The leader of the South West African People’s Organisation (SWAPO), which has been in power since Namibia’s independence in 1990, was well ahead of Panduleni Itula, SWAPO’s dissident candidate, who won 30% of the vote, according to election commission figures released Saturday evening.
Opposition leader McHenry Venaani polled just 5.3%. His party, the People’s Democratic Movement’s ties to apartheid South Africa continues to discourage a large portion of the electorate.
Opposition claims fraud
“Democracy is the real winner,” said Hage Geingob after the declaration of results.
However, Panduleni Itula and the leader of a new opposition party, Bernadus Swartbooi’s Landless Movement (LPM), reported electoral fraud. Itula claimed that the exercise was marred by “irregularities”.
The 62-year-old former dentist, who accuses the president of selling the country’s wealth to foreigners, particularly popular among young people, came out on top in the capital, Windhoek.
“It served as a springboard for frustration and brought together all the president’s disgruntled people,” noted Graham Hopwood of Namibia’s main think tank, the Institute for Public Policy Research.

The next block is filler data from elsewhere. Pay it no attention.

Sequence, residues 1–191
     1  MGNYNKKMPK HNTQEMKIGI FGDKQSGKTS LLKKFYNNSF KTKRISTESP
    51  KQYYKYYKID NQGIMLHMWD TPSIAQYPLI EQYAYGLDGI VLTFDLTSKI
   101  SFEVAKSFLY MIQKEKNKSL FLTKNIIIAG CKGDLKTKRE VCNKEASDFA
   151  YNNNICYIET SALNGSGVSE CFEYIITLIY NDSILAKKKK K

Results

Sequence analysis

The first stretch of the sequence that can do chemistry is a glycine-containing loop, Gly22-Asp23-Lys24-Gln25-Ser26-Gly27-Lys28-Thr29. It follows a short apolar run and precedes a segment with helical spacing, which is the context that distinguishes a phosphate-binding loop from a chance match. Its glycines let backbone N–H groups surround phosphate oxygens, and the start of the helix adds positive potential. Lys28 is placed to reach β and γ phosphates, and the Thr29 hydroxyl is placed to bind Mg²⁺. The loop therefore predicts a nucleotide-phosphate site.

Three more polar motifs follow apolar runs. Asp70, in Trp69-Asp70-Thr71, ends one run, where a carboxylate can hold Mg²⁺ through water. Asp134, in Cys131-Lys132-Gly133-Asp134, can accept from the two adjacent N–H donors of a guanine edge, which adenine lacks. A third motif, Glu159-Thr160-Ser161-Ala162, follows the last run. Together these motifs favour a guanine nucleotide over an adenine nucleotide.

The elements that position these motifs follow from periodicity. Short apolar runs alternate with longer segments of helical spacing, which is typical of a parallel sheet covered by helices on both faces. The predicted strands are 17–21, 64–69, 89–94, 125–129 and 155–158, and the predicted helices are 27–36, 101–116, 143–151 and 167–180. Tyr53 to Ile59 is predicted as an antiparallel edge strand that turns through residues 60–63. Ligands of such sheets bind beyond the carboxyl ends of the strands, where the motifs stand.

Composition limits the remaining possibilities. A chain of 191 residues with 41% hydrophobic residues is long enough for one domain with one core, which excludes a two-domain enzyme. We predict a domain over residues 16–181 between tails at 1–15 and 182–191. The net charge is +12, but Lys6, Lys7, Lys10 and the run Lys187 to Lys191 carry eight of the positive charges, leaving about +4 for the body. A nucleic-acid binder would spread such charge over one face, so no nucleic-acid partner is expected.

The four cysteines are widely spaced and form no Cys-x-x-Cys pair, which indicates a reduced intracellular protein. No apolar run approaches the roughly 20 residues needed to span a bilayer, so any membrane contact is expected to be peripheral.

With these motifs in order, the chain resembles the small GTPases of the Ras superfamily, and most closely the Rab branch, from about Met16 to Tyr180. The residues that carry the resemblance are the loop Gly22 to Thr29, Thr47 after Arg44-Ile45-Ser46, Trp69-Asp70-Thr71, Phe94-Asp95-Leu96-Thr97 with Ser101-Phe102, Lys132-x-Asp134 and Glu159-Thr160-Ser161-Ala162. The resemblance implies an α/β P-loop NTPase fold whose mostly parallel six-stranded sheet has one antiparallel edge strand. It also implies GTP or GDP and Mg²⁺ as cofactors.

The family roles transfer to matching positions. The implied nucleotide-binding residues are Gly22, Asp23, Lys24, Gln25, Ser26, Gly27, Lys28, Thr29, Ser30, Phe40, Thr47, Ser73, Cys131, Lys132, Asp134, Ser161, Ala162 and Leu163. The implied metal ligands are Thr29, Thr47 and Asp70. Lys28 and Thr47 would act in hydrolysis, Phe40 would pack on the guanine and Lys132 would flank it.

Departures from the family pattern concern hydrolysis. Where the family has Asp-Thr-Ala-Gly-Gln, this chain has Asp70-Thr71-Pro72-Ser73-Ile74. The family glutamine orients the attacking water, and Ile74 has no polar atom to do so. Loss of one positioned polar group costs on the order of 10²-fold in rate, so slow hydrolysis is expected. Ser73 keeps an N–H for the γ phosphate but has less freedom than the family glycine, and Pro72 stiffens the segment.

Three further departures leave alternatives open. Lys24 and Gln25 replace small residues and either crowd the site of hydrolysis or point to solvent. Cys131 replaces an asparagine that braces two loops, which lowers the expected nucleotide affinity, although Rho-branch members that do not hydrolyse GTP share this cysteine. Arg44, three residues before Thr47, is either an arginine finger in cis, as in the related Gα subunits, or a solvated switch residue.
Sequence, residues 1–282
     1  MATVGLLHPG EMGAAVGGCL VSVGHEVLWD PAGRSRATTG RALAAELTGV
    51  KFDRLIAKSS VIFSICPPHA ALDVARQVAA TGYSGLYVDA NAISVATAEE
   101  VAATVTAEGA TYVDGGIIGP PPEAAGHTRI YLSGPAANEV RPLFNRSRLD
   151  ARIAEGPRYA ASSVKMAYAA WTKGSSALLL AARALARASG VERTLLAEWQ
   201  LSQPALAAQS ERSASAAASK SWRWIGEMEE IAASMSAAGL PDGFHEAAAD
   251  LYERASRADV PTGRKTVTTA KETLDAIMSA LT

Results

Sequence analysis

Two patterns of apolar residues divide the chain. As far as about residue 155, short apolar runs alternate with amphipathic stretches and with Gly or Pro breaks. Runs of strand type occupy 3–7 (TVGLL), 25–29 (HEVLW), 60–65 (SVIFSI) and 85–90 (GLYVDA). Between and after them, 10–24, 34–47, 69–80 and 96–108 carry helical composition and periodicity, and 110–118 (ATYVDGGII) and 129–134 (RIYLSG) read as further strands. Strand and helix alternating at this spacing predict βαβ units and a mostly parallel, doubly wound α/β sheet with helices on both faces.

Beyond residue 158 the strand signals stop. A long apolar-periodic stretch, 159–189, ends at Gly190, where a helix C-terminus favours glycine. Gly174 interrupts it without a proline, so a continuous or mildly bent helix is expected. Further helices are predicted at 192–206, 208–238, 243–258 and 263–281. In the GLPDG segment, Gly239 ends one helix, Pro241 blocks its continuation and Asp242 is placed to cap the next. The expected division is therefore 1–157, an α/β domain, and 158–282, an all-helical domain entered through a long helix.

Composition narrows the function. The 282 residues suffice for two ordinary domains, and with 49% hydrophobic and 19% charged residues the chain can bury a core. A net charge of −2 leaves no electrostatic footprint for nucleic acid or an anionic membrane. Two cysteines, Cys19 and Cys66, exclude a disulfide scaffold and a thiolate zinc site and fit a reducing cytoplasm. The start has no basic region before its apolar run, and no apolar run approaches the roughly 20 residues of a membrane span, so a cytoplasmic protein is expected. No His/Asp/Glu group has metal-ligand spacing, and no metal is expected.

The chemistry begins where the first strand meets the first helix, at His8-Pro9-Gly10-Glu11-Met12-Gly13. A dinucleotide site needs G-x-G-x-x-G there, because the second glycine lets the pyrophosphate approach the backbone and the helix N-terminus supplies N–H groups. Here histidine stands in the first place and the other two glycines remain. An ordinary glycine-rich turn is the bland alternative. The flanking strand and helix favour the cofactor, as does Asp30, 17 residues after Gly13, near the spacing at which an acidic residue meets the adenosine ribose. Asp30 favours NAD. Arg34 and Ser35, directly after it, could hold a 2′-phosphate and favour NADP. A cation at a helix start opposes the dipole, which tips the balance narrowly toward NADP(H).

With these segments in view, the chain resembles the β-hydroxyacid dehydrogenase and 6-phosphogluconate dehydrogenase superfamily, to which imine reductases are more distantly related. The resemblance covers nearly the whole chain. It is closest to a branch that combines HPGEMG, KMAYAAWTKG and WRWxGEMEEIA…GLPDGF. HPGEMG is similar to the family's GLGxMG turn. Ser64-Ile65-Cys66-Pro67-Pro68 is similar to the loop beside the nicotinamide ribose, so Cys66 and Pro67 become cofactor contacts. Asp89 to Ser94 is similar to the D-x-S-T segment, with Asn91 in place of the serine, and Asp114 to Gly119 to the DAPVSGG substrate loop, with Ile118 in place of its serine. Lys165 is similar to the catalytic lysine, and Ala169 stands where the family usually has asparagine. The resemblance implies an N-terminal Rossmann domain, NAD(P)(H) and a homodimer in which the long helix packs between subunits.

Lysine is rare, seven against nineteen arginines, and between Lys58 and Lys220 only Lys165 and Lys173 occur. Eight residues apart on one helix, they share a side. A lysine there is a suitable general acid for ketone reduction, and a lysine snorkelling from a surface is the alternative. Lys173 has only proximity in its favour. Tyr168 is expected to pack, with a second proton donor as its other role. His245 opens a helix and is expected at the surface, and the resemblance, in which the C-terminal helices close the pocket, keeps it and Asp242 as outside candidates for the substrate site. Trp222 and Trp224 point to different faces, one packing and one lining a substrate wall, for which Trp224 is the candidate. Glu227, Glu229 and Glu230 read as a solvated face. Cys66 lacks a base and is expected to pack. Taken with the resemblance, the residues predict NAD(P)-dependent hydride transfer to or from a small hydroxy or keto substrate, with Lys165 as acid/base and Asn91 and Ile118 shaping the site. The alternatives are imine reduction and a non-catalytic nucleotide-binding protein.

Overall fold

Namibia was the first African country to introduce electronic voting in 2014. The equipment has been criticized by the opposition, which claims that the absence of paper ballots increases the possibility of fraud.
The Southern African Development Community (SADC), for its part, said that the elections “were generally peaceful, well organized (…) allowing voters to exercise their democratic duty”.
A corruption scandal, sluggish economy stirred voter disaffection
The electoral commission also reported on Saturday evening that Swapo had won 65% of the seats in the National Assembly, failing to obtain a two-thirds majority. In the previous legislature, it held 80% of the seats.
The turnout was 60% for the presidential election.
Hage Geingob, 78, has led Namibia since 2014. He was re-elected but obtained the worst score ever achieved by the candidate of the ruling SWAPO party.
Despite a subsoil rich in natural resources, including uranium, seabeds rich in fish and diamonds, and the growth of tourism, Namibia has been in recession for several years.
The fall in commodity prices and a persistent drought over the past several seasons have caused its gross domestic product to fall two years in a row (2017 and 2018) and unemployment has hit a third (34%) of its population.
President Geingob’s regime is also splashed with a corruption scandal.
An investigation by al jazeera has implicated government officials of receiving the equivalent of $10 million in bribes from an Icelandic fishing company.
Minister of Fisheries and Marine Resources, Bernhard Esau, and minister of Justice, Sacky Shanghala, stepped down following the revelations.